All Saints and Baptism. Matthew 5.1-12

We are here today to celebrate. And we have two main things to give thanks for today.

Firstly, we are joining with the church around the world to celebrate All Saints Day, where we give thanks for the saints, their work, lives and their examples.

Secondly, and of great importance is the baptism of …..

It’s always a great celebration for the church when we can baptise and welcome new members into our family.

And in my mind, these two celebrations work well together. Where we give thanks for the lives of those who have gone before us and those who have ensured that knowledge and belief in God has continued down the generations.

And where we give thanks for the potential of these new lives, and pray for their role in this clear continued line as their parents, godparents and all of us gathered here make promises to guide them.

It is equally as important for us to look at the future as it is at the past, and i know all too well that we in the church may like to look at the past a little too much at times. But at other times there can be great lessons for us waiting to be re-discovered.

I don’t know what you think of when I say the word saint.

Possibly you think of the names of people in the bible, or of the stained glass windows around us. Maybe you can think of some historical saints and a story or two of what they have done. But I’d like to offer you two definitions I found a few years back of what a saint is like.

The first is ‘Saints are people who aren’t afraid to live with both the gruesome and the glorious. They are not embarrassed to struggle with the great division between good and evil, life and death, heaven and hell. They are called forth into the unknown and return home not only safe but triumphant.’

We may gulp at this, and think to ourselves that we could never be saints, but I ask that you don’t make that judgement too quickly.

The second came from a little girl and was an ‘out of the mouths of babes’ moment when she was looking at a stained glass window and said, saints are people who let light shine through them.

We are given some guidance in our readings for this morning. In a dramatic reversal of the customs of this world, Jesus foretells the truth of what we’re in store for, and what we need to be working towards.

Unsure of your direction in life? You’re blessed.

Caught under the weight of grief and loss? Joy comes in the morning.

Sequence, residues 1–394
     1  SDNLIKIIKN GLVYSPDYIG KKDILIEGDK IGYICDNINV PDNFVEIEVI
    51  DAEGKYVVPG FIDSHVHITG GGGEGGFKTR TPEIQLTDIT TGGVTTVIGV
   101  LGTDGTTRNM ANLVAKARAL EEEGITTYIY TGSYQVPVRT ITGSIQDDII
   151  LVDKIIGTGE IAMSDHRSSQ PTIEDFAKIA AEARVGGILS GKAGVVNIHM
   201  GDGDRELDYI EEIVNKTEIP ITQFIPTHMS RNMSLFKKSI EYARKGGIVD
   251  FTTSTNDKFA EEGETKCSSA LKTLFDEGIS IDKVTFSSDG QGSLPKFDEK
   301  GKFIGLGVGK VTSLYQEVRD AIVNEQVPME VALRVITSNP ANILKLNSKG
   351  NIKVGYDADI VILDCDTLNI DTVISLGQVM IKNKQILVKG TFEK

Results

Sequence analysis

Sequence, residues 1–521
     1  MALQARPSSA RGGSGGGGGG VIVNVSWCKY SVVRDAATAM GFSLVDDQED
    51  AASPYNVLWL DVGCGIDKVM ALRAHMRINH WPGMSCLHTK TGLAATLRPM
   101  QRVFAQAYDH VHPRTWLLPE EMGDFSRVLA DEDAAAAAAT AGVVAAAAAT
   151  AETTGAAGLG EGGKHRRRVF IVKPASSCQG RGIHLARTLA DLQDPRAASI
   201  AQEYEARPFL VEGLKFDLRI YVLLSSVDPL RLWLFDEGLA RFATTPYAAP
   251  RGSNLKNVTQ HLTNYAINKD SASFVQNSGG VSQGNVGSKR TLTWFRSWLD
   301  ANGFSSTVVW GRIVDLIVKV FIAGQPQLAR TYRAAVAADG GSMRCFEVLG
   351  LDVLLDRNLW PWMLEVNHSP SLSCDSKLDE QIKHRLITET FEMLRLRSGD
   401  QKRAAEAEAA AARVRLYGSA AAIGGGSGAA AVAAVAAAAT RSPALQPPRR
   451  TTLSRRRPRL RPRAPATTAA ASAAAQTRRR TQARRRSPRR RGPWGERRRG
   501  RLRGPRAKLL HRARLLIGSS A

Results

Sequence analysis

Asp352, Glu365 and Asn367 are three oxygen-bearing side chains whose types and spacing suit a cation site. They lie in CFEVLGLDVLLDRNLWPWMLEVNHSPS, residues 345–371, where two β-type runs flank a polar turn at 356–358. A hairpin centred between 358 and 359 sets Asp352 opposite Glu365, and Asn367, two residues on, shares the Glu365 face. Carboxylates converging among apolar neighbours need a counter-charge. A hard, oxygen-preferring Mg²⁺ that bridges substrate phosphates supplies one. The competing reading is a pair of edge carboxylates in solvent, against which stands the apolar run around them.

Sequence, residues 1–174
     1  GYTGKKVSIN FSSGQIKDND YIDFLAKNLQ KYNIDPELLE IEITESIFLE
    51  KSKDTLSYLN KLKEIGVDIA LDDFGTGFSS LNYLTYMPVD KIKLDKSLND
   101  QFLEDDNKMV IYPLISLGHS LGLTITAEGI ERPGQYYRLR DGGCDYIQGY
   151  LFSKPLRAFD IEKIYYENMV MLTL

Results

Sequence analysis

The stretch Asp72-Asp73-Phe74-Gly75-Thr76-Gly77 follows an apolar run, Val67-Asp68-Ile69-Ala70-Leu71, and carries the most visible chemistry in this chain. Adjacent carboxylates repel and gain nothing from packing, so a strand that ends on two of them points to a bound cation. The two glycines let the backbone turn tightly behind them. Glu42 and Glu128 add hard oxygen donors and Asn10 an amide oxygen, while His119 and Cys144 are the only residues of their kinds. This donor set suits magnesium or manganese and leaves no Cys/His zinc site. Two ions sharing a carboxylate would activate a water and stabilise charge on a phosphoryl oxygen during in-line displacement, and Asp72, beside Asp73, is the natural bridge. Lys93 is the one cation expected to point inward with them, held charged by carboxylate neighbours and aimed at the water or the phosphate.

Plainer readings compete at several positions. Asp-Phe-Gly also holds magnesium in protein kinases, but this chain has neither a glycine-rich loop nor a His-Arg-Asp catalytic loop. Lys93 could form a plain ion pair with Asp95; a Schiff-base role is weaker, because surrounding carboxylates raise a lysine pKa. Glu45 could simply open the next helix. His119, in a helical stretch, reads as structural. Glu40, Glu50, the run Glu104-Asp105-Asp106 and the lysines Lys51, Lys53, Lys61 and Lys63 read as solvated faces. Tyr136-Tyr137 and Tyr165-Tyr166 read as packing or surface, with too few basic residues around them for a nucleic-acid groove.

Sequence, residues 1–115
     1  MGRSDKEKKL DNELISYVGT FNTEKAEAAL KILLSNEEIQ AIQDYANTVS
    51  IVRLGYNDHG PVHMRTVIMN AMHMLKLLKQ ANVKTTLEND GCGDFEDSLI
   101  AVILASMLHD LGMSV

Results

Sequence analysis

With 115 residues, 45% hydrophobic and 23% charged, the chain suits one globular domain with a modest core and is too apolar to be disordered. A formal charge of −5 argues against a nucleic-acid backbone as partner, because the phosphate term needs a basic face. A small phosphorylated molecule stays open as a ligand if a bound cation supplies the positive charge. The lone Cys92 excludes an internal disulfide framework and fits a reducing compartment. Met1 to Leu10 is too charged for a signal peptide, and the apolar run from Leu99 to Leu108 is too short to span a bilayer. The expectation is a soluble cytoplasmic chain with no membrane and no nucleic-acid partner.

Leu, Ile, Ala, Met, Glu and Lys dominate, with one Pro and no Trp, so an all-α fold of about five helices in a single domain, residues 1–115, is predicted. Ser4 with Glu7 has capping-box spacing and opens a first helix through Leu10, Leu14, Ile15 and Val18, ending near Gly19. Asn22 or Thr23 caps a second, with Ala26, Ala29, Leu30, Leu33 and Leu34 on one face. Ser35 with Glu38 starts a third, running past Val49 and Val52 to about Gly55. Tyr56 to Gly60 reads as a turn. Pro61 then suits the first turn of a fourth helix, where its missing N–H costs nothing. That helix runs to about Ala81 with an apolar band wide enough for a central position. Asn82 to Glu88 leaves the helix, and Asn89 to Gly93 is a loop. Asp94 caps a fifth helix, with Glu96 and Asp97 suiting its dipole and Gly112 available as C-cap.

Undervalued and not heard by those around you? God hears you.

Groaning with longing for a moment of respite? The comforter has come.

Campaigning for peace and righteousness, only to be trampled down by violence and abuse, and those spreading lies to discredit you? God is travailing right alongside you.

The saints, Jesus reminds us, aren’t simply those who seem to have it all figured out, whose prayer life is perfect, whose service to church and community are faultless, and who have left a legacy that the rest of us will spend a lifetime aspiring to realize for ourselves.

On the contrary: The saints, Jesus tells us and John reminds us, are those who have suffered – and some who suffer still, even in our midst – and yet are able to praise God all the more.

The saints are those who have known the pain of grief and the sting of death, and still manage to find a way to sing, “Alleluia!”

The saints are those who have been excluded and ignored by every corner of society and yet still find ways to seek and serve Christ, loving their neighbour as themselves.

We are just as much saints as those we first call to mind as being holy and saintly, we are the saints of today and so on this day of All Saints, we not only celebrate the saints that have gone before us, and those who seem more like myths then historical figures of inspiration, but we are also celebrating the saints who are around today, those who have encouraged us in our faith, inspire us to be better Christians, and to follow God with a stronger faith.

In a few moments Richard will be blessing the good and holy St Albans tap water that we’ll be using to it to baptise our six and we’ll be using many symbols which date back to the earliest of times, and I believe they are incredibly fortunate that they not only have the saints of old and the traditions and symbols of the church to guide and teach them into what it means to be a Christian.

But they have the saints on earth in their family in the church and their families at home.

Those of you who have come as part of the baptism party have been asked today to be as saint like in your life as you can for the sake of that child, you are asked to be the best example to them you can be and to teach them all the important lessons you can which will help them grow into the people they will become.

So today we give thanks for All Saints, those we know, those we don’t for their lives, and for the inheritance of faith that has been passed from generation to generation. And we give thanks that we have the chance to pass it on to a new generation.

We pray for those being baptised at the start of their journeys, and we pray for ourselves that we can be the persons through whom the light of God shines and who turns the world workings upside down.

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Minor Canon Youth Chaplain at St Albans Cathedral. Dog owner, historian, technology geek, pilgrim.

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